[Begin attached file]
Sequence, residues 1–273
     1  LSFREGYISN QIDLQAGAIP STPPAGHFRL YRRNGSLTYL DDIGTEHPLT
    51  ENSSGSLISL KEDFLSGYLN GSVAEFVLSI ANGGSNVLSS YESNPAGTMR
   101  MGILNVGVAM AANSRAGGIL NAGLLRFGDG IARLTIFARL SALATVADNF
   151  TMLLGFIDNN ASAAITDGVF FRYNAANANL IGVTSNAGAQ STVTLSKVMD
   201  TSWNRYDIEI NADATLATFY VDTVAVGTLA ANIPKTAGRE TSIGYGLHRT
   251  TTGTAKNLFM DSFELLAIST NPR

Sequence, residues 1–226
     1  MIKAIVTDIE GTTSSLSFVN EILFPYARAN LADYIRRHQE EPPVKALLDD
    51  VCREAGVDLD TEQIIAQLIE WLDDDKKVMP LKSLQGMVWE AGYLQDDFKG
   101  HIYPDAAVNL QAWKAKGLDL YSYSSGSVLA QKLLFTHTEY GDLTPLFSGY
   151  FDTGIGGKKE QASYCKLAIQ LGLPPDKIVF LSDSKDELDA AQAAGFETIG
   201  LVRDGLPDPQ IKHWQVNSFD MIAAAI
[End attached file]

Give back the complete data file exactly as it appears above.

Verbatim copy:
Sequence, residues 1–273
     1  LSFREGYISN QIDLQAGAIP STPPAGHFRL YRRNGSLTYL DDIGTEHPLT
    51  ENSSGSLISL KEDFLSGYLN GSVAEFVLSI ANGGSNVLSS YESNPAGTMR
   101  MGILNVGVAM AANSRAGGIL NAGLLRFGDG IARLTIFARL SALATVADNF
   151  TMLLGFIDNN ASAAITDGVF FRYNAANANL IGVTSNAGAQ STVTLSKVMD
   201  TSWNRYDIEI NADATLATFY VDTVAVGTLA ANIPKTAGRE TSIGYGLHRT
   251  TTGTAKNLFM DSFELLAIST NPR

Sequence, residues 1–226
     1  MIKAIVTDIE GTTSSLSFVN EILFPYARAN LADYIRRHQE EPPVKALLDD
    51  VCREAGVDLD TEQIIAQLIE WLDDDKKVMP LKSLQGMVWE AGYLQDDFKG
   101  HIYPDAAVNL QAWKAKGLDL YSYSSGSVLA QKLLFTHTEY GDLTPLFSGY
   151  FDTGIGGKKE QASYCKLAIQ LGLPPDKIVF LSDSKDELDA AQAAGFETIG
   201  LVRDGLPDPQ IKHWQVNSFD MIAAAI